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Are Popular Coffee Houses Going Stealth?

out of the blue July 24, 2009

In this post: Megan explores the branding tactics of a popular coffee giant …

Megan WuskeCoffee. I love coffee.

Wow, just saying the word gives me a little jolt of energy.

Of course, I have visited Starbucks a time or two in search of a strong cup of coffee or a foamy latte. I’ve noticed during my last few visits to my nearest Starbucks that they have had some subtle changes.

Now, I’ve always thought branding was an interesting topic and I’ve found that it isn’t uncommon for a company to decide to strategize and re-develop their brand. Re-focusing a company’s efforts can revitalize their image among other great things.

At first, I thought the changes that Starbucks all over the nation were making were a good idea. I loved that they “raised the bar” on their food by taking out all of the artificial ingredients and that they’ve joined the (product)RED initiative to help fight AIDS. But, the most recent changes that Starbucks have been doing is what really caught my attention.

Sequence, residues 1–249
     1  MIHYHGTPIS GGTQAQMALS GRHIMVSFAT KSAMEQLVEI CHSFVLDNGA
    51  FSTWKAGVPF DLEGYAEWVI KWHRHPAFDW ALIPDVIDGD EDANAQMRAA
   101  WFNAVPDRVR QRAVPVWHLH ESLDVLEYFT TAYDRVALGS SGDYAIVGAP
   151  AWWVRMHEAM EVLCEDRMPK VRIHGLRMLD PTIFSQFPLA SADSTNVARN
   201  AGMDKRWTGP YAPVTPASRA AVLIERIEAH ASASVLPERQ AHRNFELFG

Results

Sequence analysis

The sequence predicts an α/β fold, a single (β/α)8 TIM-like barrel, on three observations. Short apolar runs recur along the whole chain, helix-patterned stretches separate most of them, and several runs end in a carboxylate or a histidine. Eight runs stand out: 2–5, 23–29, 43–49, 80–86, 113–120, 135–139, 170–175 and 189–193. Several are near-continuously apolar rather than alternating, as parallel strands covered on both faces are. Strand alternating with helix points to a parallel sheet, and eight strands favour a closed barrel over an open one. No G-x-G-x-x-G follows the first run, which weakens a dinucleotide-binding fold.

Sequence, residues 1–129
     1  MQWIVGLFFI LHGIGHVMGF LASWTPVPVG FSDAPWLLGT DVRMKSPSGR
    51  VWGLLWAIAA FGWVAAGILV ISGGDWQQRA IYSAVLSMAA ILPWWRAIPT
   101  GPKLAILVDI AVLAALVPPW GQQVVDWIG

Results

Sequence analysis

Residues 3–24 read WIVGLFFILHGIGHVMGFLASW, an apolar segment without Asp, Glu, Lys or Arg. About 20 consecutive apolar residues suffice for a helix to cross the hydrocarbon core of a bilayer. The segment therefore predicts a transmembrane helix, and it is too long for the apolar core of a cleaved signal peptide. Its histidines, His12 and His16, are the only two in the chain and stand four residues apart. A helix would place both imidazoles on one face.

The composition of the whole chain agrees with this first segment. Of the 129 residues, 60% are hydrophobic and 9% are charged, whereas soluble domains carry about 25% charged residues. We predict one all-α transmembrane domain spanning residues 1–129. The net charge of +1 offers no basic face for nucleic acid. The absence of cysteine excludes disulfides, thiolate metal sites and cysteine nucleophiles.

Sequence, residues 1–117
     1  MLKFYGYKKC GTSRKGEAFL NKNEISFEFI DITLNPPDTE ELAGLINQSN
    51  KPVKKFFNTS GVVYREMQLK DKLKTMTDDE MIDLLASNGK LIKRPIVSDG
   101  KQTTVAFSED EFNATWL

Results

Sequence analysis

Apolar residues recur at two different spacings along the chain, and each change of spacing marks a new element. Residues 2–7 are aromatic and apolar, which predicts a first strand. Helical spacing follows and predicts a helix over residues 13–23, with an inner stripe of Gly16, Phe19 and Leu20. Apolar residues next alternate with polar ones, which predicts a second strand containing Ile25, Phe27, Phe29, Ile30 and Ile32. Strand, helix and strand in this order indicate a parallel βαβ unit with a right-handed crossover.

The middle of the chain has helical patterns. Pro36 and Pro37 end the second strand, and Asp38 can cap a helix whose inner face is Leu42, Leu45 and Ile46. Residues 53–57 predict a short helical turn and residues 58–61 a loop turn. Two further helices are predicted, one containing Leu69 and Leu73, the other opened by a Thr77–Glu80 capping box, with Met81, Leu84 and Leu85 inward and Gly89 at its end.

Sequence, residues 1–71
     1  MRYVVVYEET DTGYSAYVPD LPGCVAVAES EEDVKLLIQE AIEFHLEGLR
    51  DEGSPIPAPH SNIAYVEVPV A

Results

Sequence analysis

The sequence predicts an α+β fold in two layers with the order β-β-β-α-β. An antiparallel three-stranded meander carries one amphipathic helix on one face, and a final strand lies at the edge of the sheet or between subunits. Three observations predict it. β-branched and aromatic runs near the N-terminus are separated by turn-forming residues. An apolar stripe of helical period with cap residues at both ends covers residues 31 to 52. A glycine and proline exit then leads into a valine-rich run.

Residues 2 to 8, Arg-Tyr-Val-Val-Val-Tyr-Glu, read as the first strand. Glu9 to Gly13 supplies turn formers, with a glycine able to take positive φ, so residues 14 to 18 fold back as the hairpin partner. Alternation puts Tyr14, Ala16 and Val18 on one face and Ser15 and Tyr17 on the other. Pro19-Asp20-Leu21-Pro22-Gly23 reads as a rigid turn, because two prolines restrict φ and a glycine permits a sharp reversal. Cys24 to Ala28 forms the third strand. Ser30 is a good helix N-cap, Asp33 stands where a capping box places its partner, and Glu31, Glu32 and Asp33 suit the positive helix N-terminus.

It was reported that they opened a store, 15th Avenue Coffee and Tea, in Seattle, Wash., without their company’s logo, and that they plan to open more coffee houses with the same concept. Starbucks is referring to these coffee shops as “community cafes,” but many others are coining them with the term “secret Starbucks.”

Now, in my opinion, this goes against all branding rules. If you wanted to build you brand, wouldn’t you include your logo wherever necessary or possible? Also, why would you want your customers to think that you’re going undercover, or that you’re trying to trick them into thinking that they’re visiting a coffee house that really isn’t what it appears to be?

I feel like it’s quite deceiving.

Perhaps this is the result of a tough economy and the competition Starbucks is getting from McDonald’s affordable McCafes or Dunkin’ Donuts iced coffee craze. I think that Starbucks may be getting a little intimidated from the new competition, and they realize that they need to try something new and exciting. None the less, I don’t think disguising their brand is a good approach to accomplish this feat.

Do I think this will this stop me from going to Starbucks? No, absolutely not. I guess it’s just something interesting to think about …